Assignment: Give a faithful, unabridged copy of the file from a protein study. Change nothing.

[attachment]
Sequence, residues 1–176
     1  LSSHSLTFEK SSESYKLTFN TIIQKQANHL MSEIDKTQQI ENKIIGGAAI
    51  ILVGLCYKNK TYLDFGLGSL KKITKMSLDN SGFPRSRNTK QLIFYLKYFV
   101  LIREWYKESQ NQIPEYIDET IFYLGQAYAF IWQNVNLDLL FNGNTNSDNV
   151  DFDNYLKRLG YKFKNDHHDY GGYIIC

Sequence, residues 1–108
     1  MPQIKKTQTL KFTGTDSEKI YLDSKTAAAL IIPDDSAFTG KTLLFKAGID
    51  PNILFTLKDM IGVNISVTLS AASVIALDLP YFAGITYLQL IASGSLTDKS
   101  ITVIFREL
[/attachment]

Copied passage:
Sequence, residues 1–176
     1  LSSHSLTFEK SSESYKLTFN TIIQKQANHL MSEIDKTQQI ENKIIGGAAI
    51  ILVGLCYKNK TYLDFGLGSL KKITKMSLDN SGFPRSRNTK QLIFYLKYFV
   101  LIREWYKESQ NQIPEYIDET IFYLGQAYAF IWQNVNLDLL FNGNTNSDNV
   151  DFDNYLKRLG YKFKNDHHDY GGYIIC

Sequence, residues 1–108
     1  MPQIKKTQTL KFTGTDSEKI YLDSKTAAAL IIPDDSAFTG KTLLFKAGID
    51  PNILFTLKDM IGVNISVTLS AASVIALDLP YFAGITYLQL IASGSLTDKS
   101  ITVIFREL